He spoke with such authority and earnestness, that they all got up from table; a horn was blown that soon brought the Hottentots, and they all proceeded to the dam. With infinite difficulty they opened the waste sluice, lowered the water two feet, and so drenched the arid soil that in forty-eight hours flowers unknown sprang up.

Next morning, under the doctor's orders, all the black men and boys were diving with lumps of stiff clay and puddling the endangered wall with a thick wall of it. This took all the people the whole day.

Next day the clay wall was carried two feet higher, and then the doctor made them work on the other side and buttress the dyke with supports so enormous as seemed extravagant to Dick and Phoebe; but, after all, it was as well to be on the safe side, they thought: and soon they were sure of it, for the whole work was hardly finished when the news came in that the dyke of a neighboring Boer, ten miles off, had exploded like a cannon, and emptied itself in five minutes, drowning the farm-yard and floating the furniture, but leaving them all to perish of drought; and indeed the Boer's cart came every day, with empty barrels, for some time, to beg water of the Dales. Ucatella pondered all this, and said her doctor child was wise.

This brief excitement over, Staines went back to his own gloomy thoughts, and they scarcely saw him, except at supper-time.

One evening he surprised them all by asking if they would add to all their kindness by lending him a horse, and a spade, and a few pounds to go to the diamond fields.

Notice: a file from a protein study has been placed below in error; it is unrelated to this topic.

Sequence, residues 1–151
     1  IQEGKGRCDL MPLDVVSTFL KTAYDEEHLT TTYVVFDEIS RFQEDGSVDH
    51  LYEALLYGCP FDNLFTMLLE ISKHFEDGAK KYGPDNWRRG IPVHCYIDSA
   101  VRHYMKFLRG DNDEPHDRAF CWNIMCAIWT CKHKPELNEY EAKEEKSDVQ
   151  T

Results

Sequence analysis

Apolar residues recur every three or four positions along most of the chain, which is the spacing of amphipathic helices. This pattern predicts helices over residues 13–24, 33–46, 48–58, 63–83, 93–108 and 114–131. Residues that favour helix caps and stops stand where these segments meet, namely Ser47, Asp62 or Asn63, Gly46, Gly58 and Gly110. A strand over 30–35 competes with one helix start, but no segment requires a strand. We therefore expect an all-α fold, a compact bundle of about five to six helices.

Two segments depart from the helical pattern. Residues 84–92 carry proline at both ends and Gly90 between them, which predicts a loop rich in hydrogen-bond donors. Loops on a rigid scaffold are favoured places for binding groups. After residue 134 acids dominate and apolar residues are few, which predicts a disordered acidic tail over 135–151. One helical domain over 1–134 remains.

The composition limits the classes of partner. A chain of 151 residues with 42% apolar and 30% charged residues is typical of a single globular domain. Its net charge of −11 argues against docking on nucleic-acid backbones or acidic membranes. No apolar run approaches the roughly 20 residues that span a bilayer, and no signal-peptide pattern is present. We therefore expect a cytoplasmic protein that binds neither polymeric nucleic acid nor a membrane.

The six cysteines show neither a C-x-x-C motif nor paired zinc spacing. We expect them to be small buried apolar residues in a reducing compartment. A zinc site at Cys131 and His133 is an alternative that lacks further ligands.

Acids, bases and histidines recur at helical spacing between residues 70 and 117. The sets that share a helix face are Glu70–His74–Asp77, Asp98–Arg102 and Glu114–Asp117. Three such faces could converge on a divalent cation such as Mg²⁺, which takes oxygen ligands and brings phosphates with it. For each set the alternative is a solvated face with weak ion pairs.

Dick Dale looked at his sister. She said, "We had rather lend them you to go home with, sir, if you must leave us; but, dear heart, I was half in hopes--Dick and I were talking it over only yesterday-- that you would go partners like with us; ever since you saved the dam."

"I have too little to offer for that, Mrs. Falcon; and, besides, I am driven into a corner. I must make money quickly, or not at all: the diamonds are only three hundred miles off: for heaven's sake, let me try my luck."

They tried to dissuade him, and told him not one in fifty did any good at it.

"Ay, but I shall," said he. "Great bad luck is followed by great good luck, and I feel my turn is come. Not that I rely on luck. An accident directed my attention to the diamond a few years ago, and I read a number of prime works upon the subject that told me of things not known to the miners. It is clear, from the Cape journals, that they are looking for diamonds in the river only. Now, I am sure that is a mistake. Diamonds, like gold, have their matrix, and it is comparatively few gems that get washed into the river. I am confident that I shall find the volcanic matrix, and perhaps make my fortune in a week or two."

When the dialogue took this turn, Reginald Falcon's cheek began to flush, and his eyes to glitter.

Christopher continued: "You who have befriended me so will not turn back, I am sure, when I have such a chance before me; and as for the small sum of money I shall require, I will repay you some day, even if"--

"La, sir, don't talk so. If you put it that way, why, the best horse we have, and fifty pounds in good English gold, they are at your service to-morrow."

"And pick and spade to boot," said Dick, "and a double rifle, for there are lions, and Lord knows what, between this and the Vaal river."

"God bless you both!" said Christopher. "I will start to-morrow."

"And I'll go with you," said Reginald Falcon.